A meshing technique is detailed which is suitable for large scale finite element modeling of solution mines in salt and potash. Two related criteria impacted the development of this technique. First is the selection of the reduced-integration, stabilized, 8-node brick finite element. The material point density of a mesh composed of these bricks is much lower than a mesh of equivalent nodes composed of tetrahedra. This becomes meaningful if the constitutive model used is representative of salt and/or potash as much of the total computational effort is spent in the constitutive evaluation routines. Second, the mesh should facilitate a rapid refinement/coarsening. This should be accomplished distant from the solution mines themselves as poorly-shaped elements are involved. The resulting technique produces a completely compatible mesh, that is, no constraints are required to deal with ‘hanging’ nodes.

1. Introduction

The type of problem under consideration is one or more solution mines, generally of an unstructured geometry, situated in either homogeneous salt domes (gulf states in the USA) or in layered media composed of salt or potash layers (Alberta and Saskatchewan, Canada). Below is an example graphic of the latter.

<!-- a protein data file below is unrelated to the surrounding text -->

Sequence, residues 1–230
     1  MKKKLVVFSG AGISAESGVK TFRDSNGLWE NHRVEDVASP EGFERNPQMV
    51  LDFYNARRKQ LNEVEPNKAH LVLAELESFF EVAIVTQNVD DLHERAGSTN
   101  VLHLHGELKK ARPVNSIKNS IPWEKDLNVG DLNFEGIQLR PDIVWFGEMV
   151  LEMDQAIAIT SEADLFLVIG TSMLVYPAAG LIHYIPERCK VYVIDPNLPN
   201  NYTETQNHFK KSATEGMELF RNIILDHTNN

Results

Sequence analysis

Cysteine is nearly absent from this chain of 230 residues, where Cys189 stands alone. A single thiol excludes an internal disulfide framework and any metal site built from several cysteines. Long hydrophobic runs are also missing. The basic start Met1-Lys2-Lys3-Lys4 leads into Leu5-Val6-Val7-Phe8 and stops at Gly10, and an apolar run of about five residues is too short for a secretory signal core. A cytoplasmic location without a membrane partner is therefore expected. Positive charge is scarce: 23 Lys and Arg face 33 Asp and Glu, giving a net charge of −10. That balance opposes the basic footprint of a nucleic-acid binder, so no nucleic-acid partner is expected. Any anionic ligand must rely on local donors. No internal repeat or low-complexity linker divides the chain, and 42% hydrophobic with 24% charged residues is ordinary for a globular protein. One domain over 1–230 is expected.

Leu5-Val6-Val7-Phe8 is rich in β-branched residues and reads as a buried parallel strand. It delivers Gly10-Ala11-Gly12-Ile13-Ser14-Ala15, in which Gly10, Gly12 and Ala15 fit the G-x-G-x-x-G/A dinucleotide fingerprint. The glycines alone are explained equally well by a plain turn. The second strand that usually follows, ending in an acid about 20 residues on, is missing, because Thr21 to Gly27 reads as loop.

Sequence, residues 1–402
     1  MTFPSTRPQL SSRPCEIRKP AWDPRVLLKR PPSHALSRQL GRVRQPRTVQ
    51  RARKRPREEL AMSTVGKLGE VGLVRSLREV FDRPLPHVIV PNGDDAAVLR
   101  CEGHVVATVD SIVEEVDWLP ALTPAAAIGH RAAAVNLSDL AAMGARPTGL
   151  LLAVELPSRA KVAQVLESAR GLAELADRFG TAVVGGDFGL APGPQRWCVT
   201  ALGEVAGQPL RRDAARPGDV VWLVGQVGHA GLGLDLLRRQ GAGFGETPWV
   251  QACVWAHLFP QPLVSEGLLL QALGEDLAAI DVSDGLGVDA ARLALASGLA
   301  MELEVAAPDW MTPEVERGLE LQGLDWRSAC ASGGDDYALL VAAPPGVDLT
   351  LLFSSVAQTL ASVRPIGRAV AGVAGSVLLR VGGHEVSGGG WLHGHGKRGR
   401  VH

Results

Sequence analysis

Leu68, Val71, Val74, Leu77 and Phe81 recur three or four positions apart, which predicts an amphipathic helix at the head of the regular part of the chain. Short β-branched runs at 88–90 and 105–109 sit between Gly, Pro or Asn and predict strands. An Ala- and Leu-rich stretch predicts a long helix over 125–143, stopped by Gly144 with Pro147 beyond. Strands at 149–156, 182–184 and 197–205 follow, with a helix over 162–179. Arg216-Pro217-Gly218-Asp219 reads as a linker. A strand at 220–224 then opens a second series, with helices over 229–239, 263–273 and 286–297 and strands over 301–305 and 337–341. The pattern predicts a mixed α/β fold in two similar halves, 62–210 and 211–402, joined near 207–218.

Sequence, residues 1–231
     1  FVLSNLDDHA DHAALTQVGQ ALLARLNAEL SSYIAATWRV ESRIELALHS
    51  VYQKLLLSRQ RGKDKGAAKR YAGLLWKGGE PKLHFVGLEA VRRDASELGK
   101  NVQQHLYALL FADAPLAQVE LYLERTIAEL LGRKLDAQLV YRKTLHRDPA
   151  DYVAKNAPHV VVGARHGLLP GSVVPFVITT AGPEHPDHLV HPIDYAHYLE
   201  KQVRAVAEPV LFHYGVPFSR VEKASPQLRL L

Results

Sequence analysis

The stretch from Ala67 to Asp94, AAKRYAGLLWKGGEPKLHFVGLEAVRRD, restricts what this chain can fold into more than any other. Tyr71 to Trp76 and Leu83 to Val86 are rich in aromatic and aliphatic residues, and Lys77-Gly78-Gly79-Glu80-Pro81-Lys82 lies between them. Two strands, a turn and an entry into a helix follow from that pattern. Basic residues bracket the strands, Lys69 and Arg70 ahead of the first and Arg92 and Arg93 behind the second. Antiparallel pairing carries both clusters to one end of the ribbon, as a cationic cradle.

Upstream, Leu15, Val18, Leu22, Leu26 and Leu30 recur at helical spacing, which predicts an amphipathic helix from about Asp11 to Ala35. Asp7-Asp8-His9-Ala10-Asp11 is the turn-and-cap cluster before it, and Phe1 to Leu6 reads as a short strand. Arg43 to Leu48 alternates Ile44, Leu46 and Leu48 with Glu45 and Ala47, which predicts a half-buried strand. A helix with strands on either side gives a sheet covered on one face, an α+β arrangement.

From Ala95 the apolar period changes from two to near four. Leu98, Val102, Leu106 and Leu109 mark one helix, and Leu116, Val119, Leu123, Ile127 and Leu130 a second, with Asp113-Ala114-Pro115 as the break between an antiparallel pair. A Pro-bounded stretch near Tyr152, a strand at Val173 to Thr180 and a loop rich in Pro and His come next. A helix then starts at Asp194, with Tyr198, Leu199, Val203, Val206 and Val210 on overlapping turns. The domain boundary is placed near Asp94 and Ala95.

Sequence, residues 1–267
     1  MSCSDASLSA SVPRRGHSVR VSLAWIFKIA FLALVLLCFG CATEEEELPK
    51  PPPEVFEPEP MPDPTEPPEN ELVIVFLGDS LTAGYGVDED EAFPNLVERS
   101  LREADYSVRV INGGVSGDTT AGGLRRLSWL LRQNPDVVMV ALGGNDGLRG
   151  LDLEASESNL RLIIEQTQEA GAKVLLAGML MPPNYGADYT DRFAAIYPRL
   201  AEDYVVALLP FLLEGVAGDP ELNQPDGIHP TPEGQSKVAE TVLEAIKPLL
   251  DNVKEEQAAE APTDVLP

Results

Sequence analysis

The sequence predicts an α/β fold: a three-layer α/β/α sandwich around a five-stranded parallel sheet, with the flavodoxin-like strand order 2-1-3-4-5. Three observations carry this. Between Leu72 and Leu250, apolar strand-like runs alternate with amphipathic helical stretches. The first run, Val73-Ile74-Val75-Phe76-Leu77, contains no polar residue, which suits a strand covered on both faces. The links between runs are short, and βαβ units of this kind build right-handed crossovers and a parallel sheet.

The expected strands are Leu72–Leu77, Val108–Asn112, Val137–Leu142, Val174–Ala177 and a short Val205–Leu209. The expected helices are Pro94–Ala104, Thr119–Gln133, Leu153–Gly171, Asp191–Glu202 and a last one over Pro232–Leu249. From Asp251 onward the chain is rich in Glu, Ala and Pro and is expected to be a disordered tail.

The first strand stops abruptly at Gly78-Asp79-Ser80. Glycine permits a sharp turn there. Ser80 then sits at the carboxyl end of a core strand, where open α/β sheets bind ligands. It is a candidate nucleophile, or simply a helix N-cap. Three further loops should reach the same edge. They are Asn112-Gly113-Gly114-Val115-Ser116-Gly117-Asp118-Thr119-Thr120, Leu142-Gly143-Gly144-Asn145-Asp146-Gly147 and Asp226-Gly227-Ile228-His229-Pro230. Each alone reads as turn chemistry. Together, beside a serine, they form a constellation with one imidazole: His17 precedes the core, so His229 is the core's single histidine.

Identified in Fig. 1. are two solution mines (caverns) situated in layered media. The mine on the right is observed to have a roof-fall, thereby extending beyond the salt layer into the non-salt layer immediately above. The mines are generally a kilometer or more below the ground level. The larger mine has an approximate diameter of 160meters, a volume of 9.4 x 105meters3 and a surface area of 6.1x 104meters2 This geometry will be used to demonstrate the meshing technique described below. Note also in Fig. 1. that the computational domain is chosen to be an octagon in plan. Although we employ bricks, this poses no difficulty for the technique.

In practice, many more mines and correspondingly larger computational domains are encountered. Since calculations are routinely performed, simulating decades of time, computational effort becomes intractable unless certain devices are employed to reduce this effort.

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